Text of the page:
Even though gold has gradually lost appeal among global investors since 2013 — amid a compounding consensus view that a decade-long bull run in the yellow metal may be over — a weaker rupee and restrictive import policies have ensured that, in India, the impact hasn't been so extreme.
Even as the average global spot price corrected by a third to $1202 an ounce in 2013, domestic spot prices moderated by just about 1% to Rs 29,158 per 10 gm, thanks to a declining average value of the rupee from Rs 53.5 in 2012 to R58.6 against the dollar.
However, the renewed momentum in the Indian equity market, at a time when the domestic gold prices are in a corrective mode, is likely to impact the investment interest in the yellow metal. In 2014 so far, while the Sensex has gained as much as 21%, the domestic spot gold price, which currently stands near Rs 26,665, has lost 8%. As a result, the relative value of Sensex to the benchmark gold rate has come closer to convergence, for the first time since November 2011.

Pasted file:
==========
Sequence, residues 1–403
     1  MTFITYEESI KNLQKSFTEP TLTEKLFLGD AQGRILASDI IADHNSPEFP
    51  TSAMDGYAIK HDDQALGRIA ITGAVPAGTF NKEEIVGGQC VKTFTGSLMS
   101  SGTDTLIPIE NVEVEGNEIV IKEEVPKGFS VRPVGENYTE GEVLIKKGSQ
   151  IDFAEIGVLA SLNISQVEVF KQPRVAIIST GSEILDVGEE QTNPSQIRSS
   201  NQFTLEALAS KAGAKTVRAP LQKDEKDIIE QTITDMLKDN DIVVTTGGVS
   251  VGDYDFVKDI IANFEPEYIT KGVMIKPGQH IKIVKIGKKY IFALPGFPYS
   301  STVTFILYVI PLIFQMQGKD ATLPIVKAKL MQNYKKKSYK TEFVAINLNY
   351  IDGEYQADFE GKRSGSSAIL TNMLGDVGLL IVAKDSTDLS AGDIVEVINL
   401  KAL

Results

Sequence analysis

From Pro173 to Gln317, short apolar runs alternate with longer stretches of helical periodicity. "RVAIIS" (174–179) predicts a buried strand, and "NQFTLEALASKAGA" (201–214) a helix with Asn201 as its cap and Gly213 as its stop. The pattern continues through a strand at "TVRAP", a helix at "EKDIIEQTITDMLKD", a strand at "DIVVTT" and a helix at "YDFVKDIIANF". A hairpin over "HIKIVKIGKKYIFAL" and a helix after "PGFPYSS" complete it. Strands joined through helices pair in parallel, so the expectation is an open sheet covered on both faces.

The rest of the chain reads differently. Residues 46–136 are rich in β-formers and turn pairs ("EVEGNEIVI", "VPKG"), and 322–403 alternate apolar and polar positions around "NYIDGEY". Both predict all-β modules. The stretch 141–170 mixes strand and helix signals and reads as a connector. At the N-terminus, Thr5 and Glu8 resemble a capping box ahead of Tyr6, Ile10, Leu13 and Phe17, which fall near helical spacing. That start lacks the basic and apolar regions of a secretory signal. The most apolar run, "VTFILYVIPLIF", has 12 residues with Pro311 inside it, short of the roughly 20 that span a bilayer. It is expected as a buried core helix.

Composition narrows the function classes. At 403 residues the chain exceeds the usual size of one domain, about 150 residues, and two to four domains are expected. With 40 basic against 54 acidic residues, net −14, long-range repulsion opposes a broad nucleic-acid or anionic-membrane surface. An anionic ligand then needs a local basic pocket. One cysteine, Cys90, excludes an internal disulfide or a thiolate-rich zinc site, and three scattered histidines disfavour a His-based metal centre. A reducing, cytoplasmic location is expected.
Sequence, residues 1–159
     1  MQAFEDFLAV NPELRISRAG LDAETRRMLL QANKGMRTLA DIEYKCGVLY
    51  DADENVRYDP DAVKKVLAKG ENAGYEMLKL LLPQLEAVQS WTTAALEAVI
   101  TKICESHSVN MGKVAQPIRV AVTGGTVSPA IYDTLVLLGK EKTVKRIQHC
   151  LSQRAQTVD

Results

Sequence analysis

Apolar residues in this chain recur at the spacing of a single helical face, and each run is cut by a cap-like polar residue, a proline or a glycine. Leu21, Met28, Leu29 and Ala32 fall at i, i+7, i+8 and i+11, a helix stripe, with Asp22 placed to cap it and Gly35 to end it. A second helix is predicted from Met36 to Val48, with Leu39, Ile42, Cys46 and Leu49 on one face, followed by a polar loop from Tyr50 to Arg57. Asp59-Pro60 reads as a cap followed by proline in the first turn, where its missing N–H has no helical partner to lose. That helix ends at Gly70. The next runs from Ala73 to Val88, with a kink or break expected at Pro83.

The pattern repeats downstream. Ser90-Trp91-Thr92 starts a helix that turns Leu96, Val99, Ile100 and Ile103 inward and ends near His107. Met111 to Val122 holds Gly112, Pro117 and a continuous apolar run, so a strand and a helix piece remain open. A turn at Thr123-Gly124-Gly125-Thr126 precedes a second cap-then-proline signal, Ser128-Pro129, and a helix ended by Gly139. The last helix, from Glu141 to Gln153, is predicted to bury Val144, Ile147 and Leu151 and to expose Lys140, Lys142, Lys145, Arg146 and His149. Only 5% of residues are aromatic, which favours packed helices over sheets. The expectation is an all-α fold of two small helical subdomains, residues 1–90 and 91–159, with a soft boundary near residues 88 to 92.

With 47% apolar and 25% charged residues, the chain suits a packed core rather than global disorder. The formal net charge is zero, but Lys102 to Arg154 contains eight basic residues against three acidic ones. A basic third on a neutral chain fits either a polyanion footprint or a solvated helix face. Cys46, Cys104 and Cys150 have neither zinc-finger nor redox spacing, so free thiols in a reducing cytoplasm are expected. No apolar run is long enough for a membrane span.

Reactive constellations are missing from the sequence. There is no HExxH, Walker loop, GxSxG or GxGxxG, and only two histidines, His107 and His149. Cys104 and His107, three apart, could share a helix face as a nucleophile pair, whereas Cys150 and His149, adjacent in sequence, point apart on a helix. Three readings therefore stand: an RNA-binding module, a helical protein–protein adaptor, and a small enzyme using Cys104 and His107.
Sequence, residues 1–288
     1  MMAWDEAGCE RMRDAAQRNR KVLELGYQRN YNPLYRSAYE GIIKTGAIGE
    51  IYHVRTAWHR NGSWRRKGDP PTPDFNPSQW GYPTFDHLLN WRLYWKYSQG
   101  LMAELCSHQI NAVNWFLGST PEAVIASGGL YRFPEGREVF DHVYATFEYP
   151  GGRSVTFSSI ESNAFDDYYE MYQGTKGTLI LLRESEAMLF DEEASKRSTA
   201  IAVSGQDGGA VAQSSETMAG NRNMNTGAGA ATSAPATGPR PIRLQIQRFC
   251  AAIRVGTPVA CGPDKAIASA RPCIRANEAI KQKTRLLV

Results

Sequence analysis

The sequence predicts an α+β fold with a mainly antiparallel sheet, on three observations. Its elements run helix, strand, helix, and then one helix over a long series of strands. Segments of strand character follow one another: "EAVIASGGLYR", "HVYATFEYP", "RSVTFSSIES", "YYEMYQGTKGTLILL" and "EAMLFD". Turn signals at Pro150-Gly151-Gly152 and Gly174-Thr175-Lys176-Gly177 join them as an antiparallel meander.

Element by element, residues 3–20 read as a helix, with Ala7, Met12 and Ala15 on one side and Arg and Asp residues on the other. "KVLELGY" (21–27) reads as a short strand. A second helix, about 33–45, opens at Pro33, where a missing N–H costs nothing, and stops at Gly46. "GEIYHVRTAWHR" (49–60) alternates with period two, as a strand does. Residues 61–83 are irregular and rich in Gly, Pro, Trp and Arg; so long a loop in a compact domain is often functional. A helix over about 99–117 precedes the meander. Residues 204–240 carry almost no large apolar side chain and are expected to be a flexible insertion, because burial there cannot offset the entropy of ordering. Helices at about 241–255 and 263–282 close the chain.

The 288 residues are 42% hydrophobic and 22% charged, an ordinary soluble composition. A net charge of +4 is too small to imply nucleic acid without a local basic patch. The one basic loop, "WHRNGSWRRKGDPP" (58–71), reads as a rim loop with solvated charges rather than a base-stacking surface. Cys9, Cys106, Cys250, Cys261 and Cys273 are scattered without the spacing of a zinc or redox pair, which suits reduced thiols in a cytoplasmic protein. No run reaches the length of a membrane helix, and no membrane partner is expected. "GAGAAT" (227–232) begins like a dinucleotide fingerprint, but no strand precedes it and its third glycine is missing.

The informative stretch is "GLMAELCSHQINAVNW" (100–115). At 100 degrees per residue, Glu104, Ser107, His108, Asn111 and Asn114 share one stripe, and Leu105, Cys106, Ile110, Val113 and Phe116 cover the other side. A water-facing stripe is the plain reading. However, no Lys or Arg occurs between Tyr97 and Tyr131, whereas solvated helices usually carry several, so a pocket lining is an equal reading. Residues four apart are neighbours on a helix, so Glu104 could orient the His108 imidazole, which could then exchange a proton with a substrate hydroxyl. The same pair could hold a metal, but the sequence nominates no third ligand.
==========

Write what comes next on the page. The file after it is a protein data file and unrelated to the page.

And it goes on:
Market experts see equities regaining some of the investor interest they had lost to the precious metal as an investment avenue after the global financial crisis.
As per Anil Rego, CEO of Right Horizons Wealth Management, given that investment flow towards any asset class is primarily driven by future outlook, investors are likely to prefer equities to gold.
“A rising risk appetite among investors would also weigh on allocation towards gold, which is considered a hedge against uncertainties and is favoured during a risk averse investment sentiment,” added Rego.
Experts also argue that even as the allocation towards gold from hedging perspective may continue, from capital gains or returns perspective, the investor orientation is likely to come off.
“The tendency to hoard gold as an investment has definitely come down in the last one year, especially among high networth individuals who take informed investment decisions and adjust their portfolio exposures actively,” said the head of private wealth operations at a domestic broking firm.
Following more than $45 billion of foreign institutional flows between 2012 and 2013 that pushed the Indian benchmark indices to a two-year highs, domestic investors have largely opted out, given the sustained outflow from equity mutual funds and continuous selling by the domestic institutions,